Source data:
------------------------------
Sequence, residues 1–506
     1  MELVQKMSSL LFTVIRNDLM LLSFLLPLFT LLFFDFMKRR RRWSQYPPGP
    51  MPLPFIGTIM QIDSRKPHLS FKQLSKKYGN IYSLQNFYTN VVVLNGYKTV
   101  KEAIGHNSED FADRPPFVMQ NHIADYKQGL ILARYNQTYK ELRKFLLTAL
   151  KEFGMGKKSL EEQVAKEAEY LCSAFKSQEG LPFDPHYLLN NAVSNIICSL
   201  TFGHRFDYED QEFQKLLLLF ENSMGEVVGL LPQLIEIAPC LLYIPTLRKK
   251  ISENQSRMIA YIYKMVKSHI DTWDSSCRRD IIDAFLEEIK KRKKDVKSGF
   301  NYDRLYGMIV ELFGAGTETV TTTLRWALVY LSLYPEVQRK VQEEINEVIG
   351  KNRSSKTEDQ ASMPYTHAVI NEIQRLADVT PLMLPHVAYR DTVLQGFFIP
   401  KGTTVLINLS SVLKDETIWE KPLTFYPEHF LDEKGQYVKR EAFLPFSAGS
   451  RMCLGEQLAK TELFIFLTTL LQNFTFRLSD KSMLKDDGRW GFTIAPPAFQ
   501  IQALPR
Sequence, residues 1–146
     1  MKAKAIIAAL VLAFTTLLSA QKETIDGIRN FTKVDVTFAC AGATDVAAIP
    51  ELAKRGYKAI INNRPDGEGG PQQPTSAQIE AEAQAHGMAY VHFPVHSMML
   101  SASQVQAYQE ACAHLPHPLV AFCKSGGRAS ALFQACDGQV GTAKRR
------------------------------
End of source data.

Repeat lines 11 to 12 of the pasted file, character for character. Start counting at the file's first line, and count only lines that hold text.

   451  RMCLGEQLAK TELFIFLTTL LQNFTFRLSD KSMLKDDGRW GFTIAPPAFQ
   501  IQALPR